Saturday, November 16, 2013

One Year in South America


A year ago yesterday I arrived in South America—scared, pale, and clueless. And now, as a seasoned South American traveler—with worn-out boots, steady tan, and halting Spanish—I have less than one week left on this continent. It’s been quite the journey. I’ll take this morning to reflect, as I swig some coffee in a hostel in Bucaramanga and wait for my money transfer from Ecuador to come through (kinda stuck here until then).
Thinking back, I don’t know how I got along with only a week or two of Spanish classes under my belt and no sense of direction. When I meet foreigners now who don’t speak Spanish I feel like I have to lead them around by the arm and constantly explain things to them:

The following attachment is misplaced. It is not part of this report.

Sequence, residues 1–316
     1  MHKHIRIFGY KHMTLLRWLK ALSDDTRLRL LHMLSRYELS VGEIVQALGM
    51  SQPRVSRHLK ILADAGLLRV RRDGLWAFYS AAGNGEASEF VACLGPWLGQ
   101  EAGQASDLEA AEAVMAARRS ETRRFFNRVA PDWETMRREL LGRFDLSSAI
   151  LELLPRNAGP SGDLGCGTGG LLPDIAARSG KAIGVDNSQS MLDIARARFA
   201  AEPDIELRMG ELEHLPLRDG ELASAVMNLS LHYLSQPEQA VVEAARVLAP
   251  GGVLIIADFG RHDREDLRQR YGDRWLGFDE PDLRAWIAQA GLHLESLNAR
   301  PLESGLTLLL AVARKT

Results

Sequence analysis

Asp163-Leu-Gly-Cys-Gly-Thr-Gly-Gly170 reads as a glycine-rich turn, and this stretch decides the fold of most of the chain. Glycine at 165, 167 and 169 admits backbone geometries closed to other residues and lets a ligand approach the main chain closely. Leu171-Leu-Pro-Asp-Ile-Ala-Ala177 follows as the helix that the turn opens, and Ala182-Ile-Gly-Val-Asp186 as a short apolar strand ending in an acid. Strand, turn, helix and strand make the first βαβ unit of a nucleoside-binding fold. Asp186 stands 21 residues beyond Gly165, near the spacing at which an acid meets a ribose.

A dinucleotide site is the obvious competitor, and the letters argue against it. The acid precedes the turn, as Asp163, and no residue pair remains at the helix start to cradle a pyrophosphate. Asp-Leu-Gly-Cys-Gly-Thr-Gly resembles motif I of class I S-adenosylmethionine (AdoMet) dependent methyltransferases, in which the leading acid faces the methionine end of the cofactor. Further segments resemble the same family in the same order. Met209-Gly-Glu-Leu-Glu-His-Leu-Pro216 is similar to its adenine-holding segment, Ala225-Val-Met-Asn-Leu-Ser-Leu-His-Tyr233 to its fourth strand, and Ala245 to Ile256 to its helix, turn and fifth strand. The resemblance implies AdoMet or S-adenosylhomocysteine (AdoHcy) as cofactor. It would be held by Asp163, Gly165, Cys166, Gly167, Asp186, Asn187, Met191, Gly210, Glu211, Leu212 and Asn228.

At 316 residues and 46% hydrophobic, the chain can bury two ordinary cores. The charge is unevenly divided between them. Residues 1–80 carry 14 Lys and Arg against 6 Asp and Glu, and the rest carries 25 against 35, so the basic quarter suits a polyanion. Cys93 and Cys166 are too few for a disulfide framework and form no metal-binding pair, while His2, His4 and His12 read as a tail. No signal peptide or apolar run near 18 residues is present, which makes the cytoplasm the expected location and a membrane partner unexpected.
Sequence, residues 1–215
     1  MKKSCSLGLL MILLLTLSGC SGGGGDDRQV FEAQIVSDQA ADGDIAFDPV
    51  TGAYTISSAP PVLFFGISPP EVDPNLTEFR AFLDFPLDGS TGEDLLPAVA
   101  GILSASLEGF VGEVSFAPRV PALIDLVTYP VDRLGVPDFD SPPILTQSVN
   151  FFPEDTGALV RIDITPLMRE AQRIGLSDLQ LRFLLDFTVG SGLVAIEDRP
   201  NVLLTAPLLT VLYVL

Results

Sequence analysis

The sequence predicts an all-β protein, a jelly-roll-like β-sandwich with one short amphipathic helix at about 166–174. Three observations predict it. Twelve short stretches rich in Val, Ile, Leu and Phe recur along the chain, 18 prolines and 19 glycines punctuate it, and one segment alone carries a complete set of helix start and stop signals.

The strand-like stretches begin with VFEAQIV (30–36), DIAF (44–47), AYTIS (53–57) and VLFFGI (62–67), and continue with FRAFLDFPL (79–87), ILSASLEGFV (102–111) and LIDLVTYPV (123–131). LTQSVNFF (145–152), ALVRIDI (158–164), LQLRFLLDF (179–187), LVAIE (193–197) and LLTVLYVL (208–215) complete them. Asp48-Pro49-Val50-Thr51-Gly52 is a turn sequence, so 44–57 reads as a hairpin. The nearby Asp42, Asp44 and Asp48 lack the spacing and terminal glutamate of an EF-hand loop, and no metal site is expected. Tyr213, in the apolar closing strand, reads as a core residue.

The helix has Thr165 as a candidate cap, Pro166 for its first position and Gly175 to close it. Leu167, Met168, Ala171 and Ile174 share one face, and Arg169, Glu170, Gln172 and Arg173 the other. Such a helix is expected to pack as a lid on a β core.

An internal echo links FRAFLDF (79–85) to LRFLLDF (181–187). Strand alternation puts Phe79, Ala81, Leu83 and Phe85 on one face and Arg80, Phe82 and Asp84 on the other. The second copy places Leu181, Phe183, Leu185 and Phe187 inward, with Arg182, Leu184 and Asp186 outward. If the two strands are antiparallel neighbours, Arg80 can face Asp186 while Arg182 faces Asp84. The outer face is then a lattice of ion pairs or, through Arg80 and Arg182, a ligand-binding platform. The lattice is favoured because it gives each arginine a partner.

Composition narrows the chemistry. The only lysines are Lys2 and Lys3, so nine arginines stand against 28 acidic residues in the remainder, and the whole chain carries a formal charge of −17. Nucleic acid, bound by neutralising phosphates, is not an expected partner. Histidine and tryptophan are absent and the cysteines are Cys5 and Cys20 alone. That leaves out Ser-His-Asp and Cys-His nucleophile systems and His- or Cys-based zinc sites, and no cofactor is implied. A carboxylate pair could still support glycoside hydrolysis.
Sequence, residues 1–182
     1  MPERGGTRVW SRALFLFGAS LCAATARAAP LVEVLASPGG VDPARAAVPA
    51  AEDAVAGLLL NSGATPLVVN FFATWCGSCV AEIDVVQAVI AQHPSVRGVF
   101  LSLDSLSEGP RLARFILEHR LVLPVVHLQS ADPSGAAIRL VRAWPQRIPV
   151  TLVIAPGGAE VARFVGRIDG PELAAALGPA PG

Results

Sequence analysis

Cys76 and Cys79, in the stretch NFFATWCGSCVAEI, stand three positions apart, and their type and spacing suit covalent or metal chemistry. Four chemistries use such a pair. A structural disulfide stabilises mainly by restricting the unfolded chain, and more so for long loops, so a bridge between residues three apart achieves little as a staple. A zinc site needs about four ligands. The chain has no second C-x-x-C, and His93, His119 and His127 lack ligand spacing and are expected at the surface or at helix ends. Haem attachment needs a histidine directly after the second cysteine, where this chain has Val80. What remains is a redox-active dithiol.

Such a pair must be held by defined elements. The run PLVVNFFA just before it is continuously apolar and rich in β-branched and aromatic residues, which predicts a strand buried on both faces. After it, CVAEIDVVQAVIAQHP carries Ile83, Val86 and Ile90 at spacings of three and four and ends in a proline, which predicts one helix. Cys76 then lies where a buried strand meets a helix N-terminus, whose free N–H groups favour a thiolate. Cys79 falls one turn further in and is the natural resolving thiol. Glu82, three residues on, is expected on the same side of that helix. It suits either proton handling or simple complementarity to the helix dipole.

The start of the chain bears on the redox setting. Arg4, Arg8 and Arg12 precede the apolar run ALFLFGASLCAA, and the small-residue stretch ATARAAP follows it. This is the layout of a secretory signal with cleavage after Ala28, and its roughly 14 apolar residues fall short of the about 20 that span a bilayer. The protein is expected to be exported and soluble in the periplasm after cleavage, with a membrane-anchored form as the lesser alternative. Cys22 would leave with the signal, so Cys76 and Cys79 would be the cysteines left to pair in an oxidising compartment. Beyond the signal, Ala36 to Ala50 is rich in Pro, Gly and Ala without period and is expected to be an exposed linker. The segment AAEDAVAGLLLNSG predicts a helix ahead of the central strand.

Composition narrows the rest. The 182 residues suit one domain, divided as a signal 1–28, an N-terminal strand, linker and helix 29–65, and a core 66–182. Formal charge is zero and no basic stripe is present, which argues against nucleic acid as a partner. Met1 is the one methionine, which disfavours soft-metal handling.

Yes, traffic in South America is simply like this—you have to learn to dodge it is all. Get used to it. Yes, yes, the fruit is very exciting! Everything is so cheap! The tap water isn’t always drinkable, but don’t be so paranoid about it. You will get parasites or some form of weird stomach problems regardless. And when you have the runs, for the love of Pete don’t flush that toilet paper. Kiss people, greet everyone, play with the kids. Just try to speak Spanish, even if it sucks and their English is good.
I feel like I’m totally adjusted to life here. Of course there are a few differences between Colombia and Ecuador and Peru, but not so many. I’ve gotten to the point where picking up local slang or just understanding different accents isn’t terribly difficult. I can adjust. I can almost always understand what people are saying and I can communicate what I need to—I make lots of mistakes and probably word things awkwardly, but I can get my point across, usually. Most importantly, I’ve lost that sort of uncomfortable feeling that I had for my first 1-6 months—that lack of confidence and hesitancy to speak—and I’m completely comfortable chatting with people, if that’s what I feel like doing.